Many I'm sure would take "aggressive" to mean coming out throwing all over, quickly to get more throws in, etc. But this would contradict your own analysis of a while back that the best team (at least the best offensive team) should seek to run the most plays, and the weaker team fewer.

    I mean, if you are a poor team do you really increase your chance of winning against the Warner/Greatest Show on Turf or Steve Young /49ers by getting into a chucking contest, throwing every 10 seconds?

    So while I *do agree* that being aggressive is good for the underdog, I'd define "aggressive" as taking a finite number of carefully prepared gambles (if they fail you get killed but you'd lose anyhow) while keeping the overall game under control.

    I may be able to illustrate what I mean via a digression away from football, into chess. I was a tournament player once and had to deal with exactly this issue. I needed a line to play as black against stronger opponents, and analyzed the options.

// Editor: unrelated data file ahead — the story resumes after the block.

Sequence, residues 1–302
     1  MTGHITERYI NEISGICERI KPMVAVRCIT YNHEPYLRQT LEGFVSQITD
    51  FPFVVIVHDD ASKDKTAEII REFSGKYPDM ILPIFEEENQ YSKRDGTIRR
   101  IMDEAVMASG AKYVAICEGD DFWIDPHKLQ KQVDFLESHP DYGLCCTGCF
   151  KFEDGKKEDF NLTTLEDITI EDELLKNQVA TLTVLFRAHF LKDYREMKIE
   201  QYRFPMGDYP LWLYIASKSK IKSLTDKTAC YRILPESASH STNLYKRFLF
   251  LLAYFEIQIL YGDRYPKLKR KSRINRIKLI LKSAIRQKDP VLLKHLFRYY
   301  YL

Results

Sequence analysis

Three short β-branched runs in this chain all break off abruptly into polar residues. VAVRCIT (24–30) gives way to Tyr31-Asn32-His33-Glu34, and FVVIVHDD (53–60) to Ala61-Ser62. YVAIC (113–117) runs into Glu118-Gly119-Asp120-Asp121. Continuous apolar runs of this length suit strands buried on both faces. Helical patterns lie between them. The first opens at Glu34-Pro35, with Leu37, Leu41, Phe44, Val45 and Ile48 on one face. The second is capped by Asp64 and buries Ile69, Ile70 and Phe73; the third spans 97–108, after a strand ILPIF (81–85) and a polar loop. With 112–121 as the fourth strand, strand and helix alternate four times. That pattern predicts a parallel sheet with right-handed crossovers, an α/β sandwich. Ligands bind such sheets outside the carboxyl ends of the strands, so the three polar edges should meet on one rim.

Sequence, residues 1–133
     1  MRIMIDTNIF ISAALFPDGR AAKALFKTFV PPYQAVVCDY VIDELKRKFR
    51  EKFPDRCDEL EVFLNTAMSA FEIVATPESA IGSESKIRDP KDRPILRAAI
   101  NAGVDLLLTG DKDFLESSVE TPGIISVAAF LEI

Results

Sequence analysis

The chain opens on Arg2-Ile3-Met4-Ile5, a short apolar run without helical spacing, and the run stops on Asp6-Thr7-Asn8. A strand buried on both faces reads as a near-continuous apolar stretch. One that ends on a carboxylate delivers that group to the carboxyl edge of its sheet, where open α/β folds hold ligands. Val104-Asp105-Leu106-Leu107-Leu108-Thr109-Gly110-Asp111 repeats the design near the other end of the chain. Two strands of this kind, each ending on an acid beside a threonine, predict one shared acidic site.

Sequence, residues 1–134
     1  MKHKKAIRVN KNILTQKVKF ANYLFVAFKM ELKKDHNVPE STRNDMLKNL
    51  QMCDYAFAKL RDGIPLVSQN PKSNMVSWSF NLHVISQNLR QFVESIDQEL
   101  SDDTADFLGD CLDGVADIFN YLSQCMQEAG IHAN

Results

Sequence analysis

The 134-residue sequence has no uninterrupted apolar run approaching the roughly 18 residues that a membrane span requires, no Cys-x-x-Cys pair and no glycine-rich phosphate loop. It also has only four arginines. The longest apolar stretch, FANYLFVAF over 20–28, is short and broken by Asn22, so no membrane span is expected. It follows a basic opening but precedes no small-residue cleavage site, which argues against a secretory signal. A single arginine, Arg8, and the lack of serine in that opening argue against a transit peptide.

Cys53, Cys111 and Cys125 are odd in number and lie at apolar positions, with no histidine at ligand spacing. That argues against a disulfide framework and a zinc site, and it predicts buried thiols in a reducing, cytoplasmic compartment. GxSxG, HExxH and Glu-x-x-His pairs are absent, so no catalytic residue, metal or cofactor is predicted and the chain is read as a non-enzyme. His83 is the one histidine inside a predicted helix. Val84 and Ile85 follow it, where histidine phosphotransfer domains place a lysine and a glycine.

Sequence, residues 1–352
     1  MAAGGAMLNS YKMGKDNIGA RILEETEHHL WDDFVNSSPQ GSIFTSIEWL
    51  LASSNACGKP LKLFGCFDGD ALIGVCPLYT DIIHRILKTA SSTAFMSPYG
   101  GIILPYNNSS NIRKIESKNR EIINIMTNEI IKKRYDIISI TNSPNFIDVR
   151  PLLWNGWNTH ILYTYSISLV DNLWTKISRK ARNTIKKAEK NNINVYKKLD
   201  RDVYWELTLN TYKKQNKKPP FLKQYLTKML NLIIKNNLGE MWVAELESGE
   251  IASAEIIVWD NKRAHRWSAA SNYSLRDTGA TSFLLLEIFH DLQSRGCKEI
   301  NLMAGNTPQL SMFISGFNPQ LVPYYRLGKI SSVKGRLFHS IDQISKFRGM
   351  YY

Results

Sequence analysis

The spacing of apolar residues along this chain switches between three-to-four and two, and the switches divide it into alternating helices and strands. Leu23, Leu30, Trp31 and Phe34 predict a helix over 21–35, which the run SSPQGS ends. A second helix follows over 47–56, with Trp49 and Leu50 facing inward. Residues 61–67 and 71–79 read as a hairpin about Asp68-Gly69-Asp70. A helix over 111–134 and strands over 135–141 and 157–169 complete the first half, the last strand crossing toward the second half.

Play very aggressively in a two-edged style, as by using Fisher's Najdorf Sicilian, and every move becomes a complicated mini-game with the better player having the advantage in each, and over 30 moves I'm sure to suffer the equivalent of having Jerry Rice run game-breakers against me five times over. Not good.

    Play defensive trench warfare, head-to-head. Against a better player I'll be under constant pressure with no chance to win. I have a chance of drawing, but also a real chance of losing if I slip under the pressure. Not a good tradeoff, and not fun to play.

    What I came up with was playing the Center Counter, which then almost no strong player had played in 80 years. Once it had been a popular opening with masters, good by test, but a couple "busts" to it were found, so it disappeared and got a reputation as junk. But after 80 years white players who had never seen it forgot the busts. Another good thing about it was that there were just four or five keys in it to steering the game your way that a "weaker" player could master -- no myriad of complexities.